With respect to a threat to kill an individual, the law requires that it be shown that the accused possessed a specific intent to place the victim in imminent fear of death. In other words, the threat must be made under circumstances manifesting a serious promise of death. See State v. Dispoto, 189 N.J. 108 (2007).
There are three material elements of a terroristic threats charge in New Jersey: (1) the accused made a threat; (2) the threat was to commit an offense of violence; and (3) the threat was made with the purpose of terrorizing or acted with reckless disregard of the risk that third parties would react in this manner. The criminal lawyers at our law firm make sure that the prosecution proves each and every element of the charge.
Reference to New Jersey's Model Jury Charge is also helpful in understanding the law and is located at http://www.judiciary.state.nj.us/charges/jury/terrthrt1.htm.
Penalties & Grading of Offense
The penalties for conviction of terrorist threats vary in New Jersey. Typically, the offense is a Third Degree crime. However, when the offense is committed during a period of national, state or county emergency, it is a crime of the Second Degree.
Merge & Severance of Charge
The doctrine of merger dictates that an indictment for terrorist threats merge into a conviction of a included higher grade offense. For example, a conviction for terroristic threats will merge into a conviction for first degree robbery as a lesser included offense such that an individual cannot be penalized separately for each offense.
State v. Van Valen, 316 N.J.Super. 20 (App.Div.1998). However, merger is not permitted when the other offense involves a lesser degree offense such as fourth degree aggravated assault.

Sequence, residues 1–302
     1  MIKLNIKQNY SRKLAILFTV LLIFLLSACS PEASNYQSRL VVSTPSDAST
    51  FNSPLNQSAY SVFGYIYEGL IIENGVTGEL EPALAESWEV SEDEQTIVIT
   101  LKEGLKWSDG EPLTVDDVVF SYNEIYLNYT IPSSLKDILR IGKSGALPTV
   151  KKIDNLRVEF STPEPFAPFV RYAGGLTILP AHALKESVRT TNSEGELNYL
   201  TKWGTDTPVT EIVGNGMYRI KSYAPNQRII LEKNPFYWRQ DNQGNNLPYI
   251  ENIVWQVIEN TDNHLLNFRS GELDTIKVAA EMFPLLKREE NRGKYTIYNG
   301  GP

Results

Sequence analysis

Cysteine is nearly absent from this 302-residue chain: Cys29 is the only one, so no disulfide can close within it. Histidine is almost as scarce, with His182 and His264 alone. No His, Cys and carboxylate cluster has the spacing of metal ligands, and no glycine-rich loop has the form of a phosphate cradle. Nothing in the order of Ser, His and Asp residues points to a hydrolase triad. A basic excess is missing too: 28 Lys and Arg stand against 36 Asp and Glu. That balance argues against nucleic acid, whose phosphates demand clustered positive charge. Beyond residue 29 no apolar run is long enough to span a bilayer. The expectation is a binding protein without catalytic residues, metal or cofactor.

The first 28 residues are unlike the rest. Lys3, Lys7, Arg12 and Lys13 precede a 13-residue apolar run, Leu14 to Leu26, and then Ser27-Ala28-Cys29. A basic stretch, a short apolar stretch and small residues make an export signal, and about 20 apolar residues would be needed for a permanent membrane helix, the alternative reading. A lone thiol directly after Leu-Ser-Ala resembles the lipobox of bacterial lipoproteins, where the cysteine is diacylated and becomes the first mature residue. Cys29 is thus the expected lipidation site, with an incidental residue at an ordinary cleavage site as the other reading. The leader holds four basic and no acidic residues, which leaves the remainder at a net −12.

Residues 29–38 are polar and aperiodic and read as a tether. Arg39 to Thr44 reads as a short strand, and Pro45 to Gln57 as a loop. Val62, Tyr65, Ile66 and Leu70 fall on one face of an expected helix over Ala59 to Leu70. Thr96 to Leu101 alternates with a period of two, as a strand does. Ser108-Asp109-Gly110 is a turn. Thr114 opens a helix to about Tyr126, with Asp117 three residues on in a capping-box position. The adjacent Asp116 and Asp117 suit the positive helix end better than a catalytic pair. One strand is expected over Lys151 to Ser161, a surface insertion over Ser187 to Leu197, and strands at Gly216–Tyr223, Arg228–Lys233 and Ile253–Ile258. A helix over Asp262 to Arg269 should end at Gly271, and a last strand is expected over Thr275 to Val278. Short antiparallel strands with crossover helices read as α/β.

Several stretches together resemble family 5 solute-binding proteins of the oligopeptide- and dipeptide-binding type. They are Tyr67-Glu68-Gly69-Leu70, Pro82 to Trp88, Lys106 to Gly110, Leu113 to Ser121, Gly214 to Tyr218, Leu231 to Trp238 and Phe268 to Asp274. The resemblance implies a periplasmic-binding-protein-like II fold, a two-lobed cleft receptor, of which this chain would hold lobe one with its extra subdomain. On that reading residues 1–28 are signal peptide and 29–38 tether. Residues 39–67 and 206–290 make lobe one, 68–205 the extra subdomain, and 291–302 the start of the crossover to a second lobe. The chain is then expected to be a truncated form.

State v. Hammond, 231
N.J.Super. 535 (App.Div.1989).
additionally, the doctrine of severance arises in this context as individuals can frequently be charged with violating a restraining order and receive a separate indictment for terroristic threats; the threat being the basis for the alleged violation. The law provides that it would be unfair to force a defendant indicted on both charges to try them together insofar as testimony concerning the existence of a restraining order would be unduly prejudicial in defending the terroristic threats offense. See State v. Chenique-Puey, 145 N.J. 334 (1996).
Terroristic Threat arrests and indictments are often very defensible. These cases are very fact sensitive a knowledgeable and well prepared attorney can be invaluable. The attorneys at our law firm offer these services and are prepared to defend you throughout New Jersey, Monmouth County, Union County, Somerset County, Essex County, Ocean County, Mercer County, Middlesex County, Morris County, Essex County, Hudson County and Bergen County. If you have been arrested, charged or indicted for a Terroristic Threat, the lawyers at our law office will explore all of your defenses and develop a plan and strategy to defend you. A criminal lawyer is available to speak to you immediately.